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Entertainment Events

The Florence Events Center is the heart and soul of the city’s community life, annually hosting events ranging from ballet to the blues. It is home to the Last Resort Players theater company, as well as Seacoast Entertainment Association’s annual concert series.





  • Repeats every day until Sat Nov 08 2014 .
    Fri, Nov 7th 7:00pm
    City of Florence Oregon Official Website

    Les Miserables: Is It or Isn’t It Opera?

    Les Miserables has the history in the theater industry of being called a mega-musical. What that means is that the vocals, chorus, orchestra, sets, lighting, sound, costumes and special effects are as powerful, emotional and over the top as you can possibly get. But, to answer the question, it is actual opera.

    The challenge with referring to Les Mis as “opera” is that many audiences are turned off by opera. People often think of Wagner, Verdi, Mozart or Puccini when they hear the word opera. Les Mis is opera because of the way Claude-Michel Schönberg and Alain Boublil wrote the music. In creating the music, they use specific themes to convey specific emotions.

    For example, when Valjean - the principal hero, played by John Pohlman – sings “What Have I Done?” in the Prologue, he is singing an emotional epiphany, a realization that his life has been rescued and completely changed by the powerful purchase of his soul for God.

    In the auditions and in recruiting singers for Les Mis, the directors--Leah Goodwin and Laura Merz--looked specifically for singers with classical training. There is no pop singing in this show. They wanted singers who had experience, big ranges, and were able to convey the emotions needed for this unusual show. 

    “We wanted to bring a new experience to Florence theater-goers,” Merz says. “When potential auditioners questioned us about what we were looking for, we simply said, ‘passion.’”

    As in opera, this story is sung-through. There are no long scene changes. The audience will not have to sit through the frequent orchestra vamps as they have in the past. There is very little dialogue; Les Mis is 97% sung. The story is told through solos, duets, trios, quartets, quintets, chorus and recitative – all aspects of opera.

    “Our orchestra is the best,” Merz believes. “I’m extremely proud of all the players. We have four brass, four woodwinds, two keyboardists, an acoustic bass player and percussionist. All thirteen of us have our work cut out for us, but the music of Les Mis is so incredibly fabulous that it is, without a doubt, a work of joy.”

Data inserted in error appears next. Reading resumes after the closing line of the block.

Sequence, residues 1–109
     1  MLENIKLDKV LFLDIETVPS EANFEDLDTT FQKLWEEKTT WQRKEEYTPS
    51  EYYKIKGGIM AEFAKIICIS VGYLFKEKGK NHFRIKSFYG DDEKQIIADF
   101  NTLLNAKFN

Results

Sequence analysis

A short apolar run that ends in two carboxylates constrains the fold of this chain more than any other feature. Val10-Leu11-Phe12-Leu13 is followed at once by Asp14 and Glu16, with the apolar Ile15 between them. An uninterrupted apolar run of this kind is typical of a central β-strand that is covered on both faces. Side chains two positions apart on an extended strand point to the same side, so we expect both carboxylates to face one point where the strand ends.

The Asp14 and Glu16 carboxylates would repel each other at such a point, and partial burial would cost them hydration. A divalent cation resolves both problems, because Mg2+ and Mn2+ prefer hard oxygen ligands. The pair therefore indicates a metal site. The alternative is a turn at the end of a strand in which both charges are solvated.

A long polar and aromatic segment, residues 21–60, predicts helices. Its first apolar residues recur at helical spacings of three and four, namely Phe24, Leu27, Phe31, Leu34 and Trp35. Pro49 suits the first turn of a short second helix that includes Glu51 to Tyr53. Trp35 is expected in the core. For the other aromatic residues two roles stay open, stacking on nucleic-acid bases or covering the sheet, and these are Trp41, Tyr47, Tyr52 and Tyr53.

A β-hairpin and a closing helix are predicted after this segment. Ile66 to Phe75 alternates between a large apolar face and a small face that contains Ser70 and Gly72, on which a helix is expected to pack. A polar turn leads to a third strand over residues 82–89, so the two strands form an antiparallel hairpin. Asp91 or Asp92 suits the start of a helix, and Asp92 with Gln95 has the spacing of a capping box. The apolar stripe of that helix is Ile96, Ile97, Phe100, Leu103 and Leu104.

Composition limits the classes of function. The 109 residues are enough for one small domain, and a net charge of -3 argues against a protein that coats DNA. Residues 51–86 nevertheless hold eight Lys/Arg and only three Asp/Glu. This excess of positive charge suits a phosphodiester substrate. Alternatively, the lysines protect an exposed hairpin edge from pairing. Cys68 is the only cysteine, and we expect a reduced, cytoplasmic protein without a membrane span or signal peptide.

• Sat, Nov 8th 7:00pm
    City of Florence Oregon Official Website

    Les Miserables: Is It or Isn’t It Opera?

    Les Miserables has the history in the theater industry of being called a mega-musical. What that means is that the vocals, chorus, orchestra, sets, lighting, sound, costumes and special effects are as powerful, emotional and over the top as you can possibly get. But, to answer the question, it is actual opera.

    The challenge with referring to Les Mis as “opera” is that many audiences are turned off by opera. People often think of Wagner, Verdi, Mozart or Puccini when they hear the word opera. Les Mis is opera because of the way Claude-Michel Schönberg and Alain Boublil wrote the music. In creating the music, they use specific themes to convey specific emotions.

    For example, when Valjean - the principal hero, played by John Pohlman – sings “What Have I Done?” in the Prologue, he is singing an emotional epiphany, a realization that his life has been rescued and completely changed by the powerful purchase of his soul for God.

    In the auditions and in recruiting singers for Les Mis, the directors--Leah Goodwin and Laura Merz--looked specifically for singers with classical training. There is no pop singing in this show. They wanted singers who had experience, big ranges, and were able to convey the emotions needed for this unusual show. 

    “We wanted to bring a new experience to Florence theater-goers,” Merz says. “When potential auditioners questioned us about what we were looking for, we simply said, ‘passion.’”

    As in opera, this story is sung-through. There are no long scene changes. The audience will not have to sit through the frequent orchestra vamps as they have in the past. There is very little dialogue; Les Mis is 97% sung. The story is told through solos, duets, trios, quartets, quintets, chorus and recitative – all aspects of opera.

    “Our orchestra is the best,” Merz believes. “I’m extremely proud of all the players. We have four brass, four woodwinds, two keyboardists, an acoustic bass player and percussionist. All thirteen of us have our work cut out for us, but the music of Les Mis is so incredibly fabulous that it is, without a doubt, a work of joy.”

  • Repeats every week until Sun Nov 16 2014 .
    Sun, Nov 9th 2:00pm
    City of Florence Oregon Official Website

    Les Miserables: Is It or Isn’t It Opera?

    Les Miserables has the history in the theater industry of being called a mega-musical. What that means is that the vocals, chorus, orchestra, sets, lighting, sound, costumes and special effects are as powerful, emotional and over the top as you can possibly get. But, to answer the question, it is actual opera.

    The challenge with referring to Les Mis as “opera” is that many audiences are turned off by opera. People often think of Wagner, Verdi, Mozart or Puccini when they hear the word opera. Les Mis is opera because of the way Claude-Michel Schönberg and Alain Boublil wrote the music. In creating the music, they use specific themes to convey specific emotions.